Thursday, February 01, 2007

Squeamish Editors Seldom Make History

Literary Director, University of Arizona Poetry Center

Kore Press Author of Intercession, a broadside in the Kore Press Women's Voices Against War series, and of the Forward to While Light is Built by Tedi Lopez-Mills.

It seems ridiculous to be shocked, but I was last fall when I read the Kore Press manifesto, "Why We Publish Women." I did believe that the literary community was further along in the repair of gender disparity. Maybe this is because so much of the truly dynamic work that does make it through the squeeze of the printing press is written by women. Maybe it's because so many of our male colleagues are quick to say so themselves, or because our current generation's cornerstone critics are women. All this and still the disparity while we wait for our nation's most prominent editors to catch up. All I can presume, as we sit here waiting, is that they've taken to heart Sappho's fragment 84 advice, "If you are squeamish, do not prod the beach rubble."

Actually, I say that for effect, but the truth is, we're not sitting outside the editor's door waiting for our name to be called. We sit, stand, and run like mad-women getting our work done. When necessary (and no, it's not always necessary, but way too often it is) we pick up the slack of our husbands, fathers, male colleagues, and bosses, and we pick up the pace to get it all done. We do it despite the contract with people we love that we not say those things that are difficult, as Deborah Fries writes in her blog entry. Elline Lipkin writes that Philomela, when her tongue has been cut out, "lost none of her nerve," and Sandra Lim reminds us, quoting Wallace Stevens, of our responsibility to “read poetry with one's nerves."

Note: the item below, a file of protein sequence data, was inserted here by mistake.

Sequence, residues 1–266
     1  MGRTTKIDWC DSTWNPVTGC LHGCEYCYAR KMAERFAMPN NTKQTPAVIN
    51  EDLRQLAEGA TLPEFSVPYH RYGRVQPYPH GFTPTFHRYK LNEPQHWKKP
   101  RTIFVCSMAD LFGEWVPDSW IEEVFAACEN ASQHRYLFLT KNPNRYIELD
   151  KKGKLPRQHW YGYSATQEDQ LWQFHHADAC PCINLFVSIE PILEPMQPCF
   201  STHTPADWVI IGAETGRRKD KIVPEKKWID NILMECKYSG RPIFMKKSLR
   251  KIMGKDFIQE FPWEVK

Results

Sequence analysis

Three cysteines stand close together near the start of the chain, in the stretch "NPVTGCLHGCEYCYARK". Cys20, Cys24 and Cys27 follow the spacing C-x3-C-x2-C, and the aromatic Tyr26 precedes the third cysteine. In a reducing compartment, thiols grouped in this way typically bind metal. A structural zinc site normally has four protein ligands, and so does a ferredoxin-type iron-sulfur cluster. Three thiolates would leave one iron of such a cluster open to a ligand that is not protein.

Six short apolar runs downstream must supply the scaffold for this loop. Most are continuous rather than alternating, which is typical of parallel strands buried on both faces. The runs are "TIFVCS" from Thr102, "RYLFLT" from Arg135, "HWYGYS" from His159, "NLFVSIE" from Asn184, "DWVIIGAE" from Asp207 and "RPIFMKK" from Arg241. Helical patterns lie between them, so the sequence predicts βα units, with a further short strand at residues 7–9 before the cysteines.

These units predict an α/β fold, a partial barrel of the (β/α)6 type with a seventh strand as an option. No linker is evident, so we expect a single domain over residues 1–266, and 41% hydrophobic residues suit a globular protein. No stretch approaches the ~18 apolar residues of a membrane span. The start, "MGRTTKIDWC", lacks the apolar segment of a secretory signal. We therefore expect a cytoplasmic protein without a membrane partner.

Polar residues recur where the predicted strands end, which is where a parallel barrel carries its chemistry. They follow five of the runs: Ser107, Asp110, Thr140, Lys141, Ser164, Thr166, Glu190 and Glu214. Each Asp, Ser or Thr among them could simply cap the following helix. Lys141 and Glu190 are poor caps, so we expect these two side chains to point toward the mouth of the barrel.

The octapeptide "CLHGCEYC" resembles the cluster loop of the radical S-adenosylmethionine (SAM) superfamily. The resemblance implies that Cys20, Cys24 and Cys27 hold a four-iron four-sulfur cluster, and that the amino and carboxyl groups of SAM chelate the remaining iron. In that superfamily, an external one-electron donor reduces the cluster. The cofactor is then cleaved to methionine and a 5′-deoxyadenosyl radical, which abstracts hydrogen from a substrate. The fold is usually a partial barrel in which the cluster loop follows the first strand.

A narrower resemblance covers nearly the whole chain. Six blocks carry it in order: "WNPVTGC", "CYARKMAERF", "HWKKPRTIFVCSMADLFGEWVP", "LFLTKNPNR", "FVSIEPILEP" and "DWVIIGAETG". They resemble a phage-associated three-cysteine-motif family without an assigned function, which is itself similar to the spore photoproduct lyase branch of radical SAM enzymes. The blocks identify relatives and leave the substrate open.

The women of Kore Press, the women who edit literary journals and run literary organizations across the country, are leading us all into the uncharted territory of a messy canon. A canon in which there is no "the great American epic," no representation of "the American experience." A complicatedness that will make of our scholars not theorists but well-honed file-clerks trying to make sense of it all.

As curator of the Reading Series for the University of Arizona Poetry Center, I aim to present an aesthetically and culturally diverse line-up of writers whose works represent the best of what's being written. It shouldn't come as a surprise then (but I must admit it did) that this spring our Series entirely comprises women. They span the spectrum from narrative to performative polyvocal word-sound artists. They're journalists, teachers, translators, editors, activists, ex-pats, mothers, hedonists, intellectuals, and writers of children's literature. They're all over the map and an audience that loves one of them will probably not stand for another of them. Each of them, though, is a beach rubble prodder through and through.

May we all undig our heels from wherever they’re dug and sink our toes in the sand.